22. 22. Prevention and management of venous thromboembolism 4.11 COMBINED MECHANICAL AND PHARMACOLOGICAL PROPHYLAXIS A Cochrane systematic review concluded that, compared with compression alone, combining IPC with pharmacological thromboprophylaxis resulted in a significant reduction in both symptomatic DVT (from about 4% to 1%; OR 0.43, 95% CI 0.24 to 0.76) and PE (from about 3% to 1%; OR 0.39, 95% CI 0.25 to 0.63).103 Increased efficacy may reflect a combined effect on venous stasis and hypercoagulability. The combined approach is currently commonly employed in Scotland,104 and the rest of the UK.99 14 1++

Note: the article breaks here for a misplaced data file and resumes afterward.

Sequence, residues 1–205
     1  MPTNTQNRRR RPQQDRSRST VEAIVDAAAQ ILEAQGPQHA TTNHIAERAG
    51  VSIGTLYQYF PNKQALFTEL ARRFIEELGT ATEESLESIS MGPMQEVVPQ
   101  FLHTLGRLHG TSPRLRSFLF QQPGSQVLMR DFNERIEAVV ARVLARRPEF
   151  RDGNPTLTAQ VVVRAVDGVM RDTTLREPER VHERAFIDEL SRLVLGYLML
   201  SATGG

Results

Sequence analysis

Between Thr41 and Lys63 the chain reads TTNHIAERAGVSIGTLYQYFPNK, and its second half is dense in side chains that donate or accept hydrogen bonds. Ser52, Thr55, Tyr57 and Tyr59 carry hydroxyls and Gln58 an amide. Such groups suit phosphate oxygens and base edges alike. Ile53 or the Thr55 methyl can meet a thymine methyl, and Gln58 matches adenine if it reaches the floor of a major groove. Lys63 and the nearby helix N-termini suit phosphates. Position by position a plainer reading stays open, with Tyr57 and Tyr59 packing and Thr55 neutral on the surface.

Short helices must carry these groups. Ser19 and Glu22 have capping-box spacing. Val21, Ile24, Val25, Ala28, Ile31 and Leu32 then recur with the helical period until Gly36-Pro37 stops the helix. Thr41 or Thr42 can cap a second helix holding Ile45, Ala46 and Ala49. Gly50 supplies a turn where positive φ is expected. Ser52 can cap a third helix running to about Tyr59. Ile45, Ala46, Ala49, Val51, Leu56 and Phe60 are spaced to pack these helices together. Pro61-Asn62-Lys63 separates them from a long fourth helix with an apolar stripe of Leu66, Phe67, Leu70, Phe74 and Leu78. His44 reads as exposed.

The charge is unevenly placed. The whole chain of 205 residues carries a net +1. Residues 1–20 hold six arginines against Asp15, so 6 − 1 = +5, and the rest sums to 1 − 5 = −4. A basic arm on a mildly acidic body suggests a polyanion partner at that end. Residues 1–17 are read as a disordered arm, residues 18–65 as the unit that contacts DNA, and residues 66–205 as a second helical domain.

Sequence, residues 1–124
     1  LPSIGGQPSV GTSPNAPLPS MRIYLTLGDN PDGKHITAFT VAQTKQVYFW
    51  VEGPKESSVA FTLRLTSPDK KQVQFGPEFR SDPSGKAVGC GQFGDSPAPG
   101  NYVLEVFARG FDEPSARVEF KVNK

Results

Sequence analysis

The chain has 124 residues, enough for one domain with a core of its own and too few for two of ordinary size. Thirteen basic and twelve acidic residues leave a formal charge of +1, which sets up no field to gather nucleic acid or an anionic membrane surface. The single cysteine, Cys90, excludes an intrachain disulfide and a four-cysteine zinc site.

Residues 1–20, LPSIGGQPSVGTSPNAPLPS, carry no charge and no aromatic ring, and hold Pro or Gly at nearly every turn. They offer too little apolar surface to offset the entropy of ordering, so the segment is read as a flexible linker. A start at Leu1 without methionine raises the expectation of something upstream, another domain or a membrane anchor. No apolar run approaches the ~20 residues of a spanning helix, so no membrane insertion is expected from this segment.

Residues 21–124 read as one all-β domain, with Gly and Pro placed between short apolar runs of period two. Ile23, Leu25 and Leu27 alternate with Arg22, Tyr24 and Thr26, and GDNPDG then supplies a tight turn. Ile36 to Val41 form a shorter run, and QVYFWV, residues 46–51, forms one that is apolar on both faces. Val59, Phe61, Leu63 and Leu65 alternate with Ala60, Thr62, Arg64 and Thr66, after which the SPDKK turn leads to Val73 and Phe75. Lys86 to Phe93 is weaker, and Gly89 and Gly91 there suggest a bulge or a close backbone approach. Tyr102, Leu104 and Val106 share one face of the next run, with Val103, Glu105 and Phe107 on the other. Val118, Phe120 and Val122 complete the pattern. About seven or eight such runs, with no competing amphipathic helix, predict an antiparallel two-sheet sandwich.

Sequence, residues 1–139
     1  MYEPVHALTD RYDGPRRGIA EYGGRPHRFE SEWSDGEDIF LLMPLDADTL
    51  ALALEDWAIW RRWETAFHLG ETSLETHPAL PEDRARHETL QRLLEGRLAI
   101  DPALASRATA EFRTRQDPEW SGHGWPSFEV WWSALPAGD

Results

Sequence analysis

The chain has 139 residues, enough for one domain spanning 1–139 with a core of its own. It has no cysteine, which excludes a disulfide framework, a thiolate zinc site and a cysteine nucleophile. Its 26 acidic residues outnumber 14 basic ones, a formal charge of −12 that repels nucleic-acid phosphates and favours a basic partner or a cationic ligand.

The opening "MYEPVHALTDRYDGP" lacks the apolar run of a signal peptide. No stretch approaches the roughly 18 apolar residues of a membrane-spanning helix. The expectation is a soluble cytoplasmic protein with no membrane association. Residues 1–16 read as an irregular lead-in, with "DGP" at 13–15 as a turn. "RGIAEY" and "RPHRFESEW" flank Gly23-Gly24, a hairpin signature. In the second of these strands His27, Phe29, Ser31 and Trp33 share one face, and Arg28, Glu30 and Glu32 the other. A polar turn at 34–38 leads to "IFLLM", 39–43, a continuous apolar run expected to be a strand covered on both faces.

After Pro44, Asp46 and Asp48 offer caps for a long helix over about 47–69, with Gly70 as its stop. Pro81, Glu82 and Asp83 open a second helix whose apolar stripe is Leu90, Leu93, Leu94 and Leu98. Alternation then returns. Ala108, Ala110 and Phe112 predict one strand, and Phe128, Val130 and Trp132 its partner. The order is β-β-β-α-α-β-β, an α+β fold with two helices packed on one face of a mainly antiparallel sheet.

23. 23. 5 THROMBOPROPHYLAXIS IN SURGICAL PATIENTS 5 Thromboprophylaxis in surgical patients All surgical interventions carry a risk of VTE and attention should be paid to modifiable risk factors. For example, although there are few data on the risk of VTE in women on combined oral contraceptives or hormone replacement therapy, one large epidemiological study suggested around a 2-fold increased risk in women using a combined pill.105 It is likely that interruption of these hormone treatments prior to planned surgery reduces the risk of VTE but consideration should be given to the risk of unplanned pregnancy and debilitating menopausal symptoms. 5.1 General Surgery Individual assessment of the risks of bleeding and thrombosis should be performed (see section 3.2). The nature of the surgical procedure should be taken into consideration. Good quality evidence was identified from a meta-analysis and systematic reviews performed on mixed and stratified groups of general surgical patients.106-110 It is reasonable to generalise from these studies to all patients having intra-abdominal surgery. Separate analyses have been performed on various surgical procedures.106-110 Some patients will have cancer as an added risk factor but each patient should be assessed individually. 5.1.1 Risk of VTE Observational studies of patients who did not receive specific thromboprophylaxis for abdominal surgery showed a significant incidence of DVT and PE:3, 6, 9,26,29,104 ƒƒ ƒƒ ƒƒ ƒƒ ƒƒ asymptomatic DVT at post operative screening 25% asymptomatic proximal DVT at post operative screening 7% symptomatic DVT 6% symptomatic non-fatal PE 1-2% fatal PE 0.5% Early mobilisation after open surgery and increased use of laparoscopic procedures with faster recovery may reduce the incidence of DVT but the population undergoing surgery is ageing and has increased comorbidity. A large prospective cohort study in the United Kingdom (The Million Women Study) indicated that the risk of VTE after surgery is substantially increased in the first 12 weeks after an operation. Although the risk varies with type of surgery, the risk is increased even after day-case surgery. The highest levels of risk were associated with hip and knee replacement surgery and surgery for cancer. Overall, compared with women not having surgery, there was a 70-fold increased risk of admission with VTE within six weeks of general surgery (relative risk 69.1, 95% CI 63.1 to 75.6) and a 10-fold risk after day-case surgery (relative risk 9.6, 95% CI 8.0 to 11.5).18 Standardised incidence rates in the 12 weeks after inpatient surgery were 2.6 per 1,000 patient months. This varied markedly with type of surgery, the highest rates being 7.7 for hip or knee replacement, and 4.3 for patients with cancer. 5.1.2 antiplatelet agents Combining the results from a meta-analysis of 53 RCTs of antiplatelet agents6, 8 and the Pulmonary Embolism Prevention (PEP) Trial111 revealed no significant reduction in total mortality (3.9% v 4.0%), while confirming a significant increase in major bleeding (7.7% v. 6.2%) which was similar to the reduction in symptomatic DVT or PE. There was a significant reduction in fatal PE (0.2% v 0.6%; number needed to treat (NNT) 250). 1++ 1- 15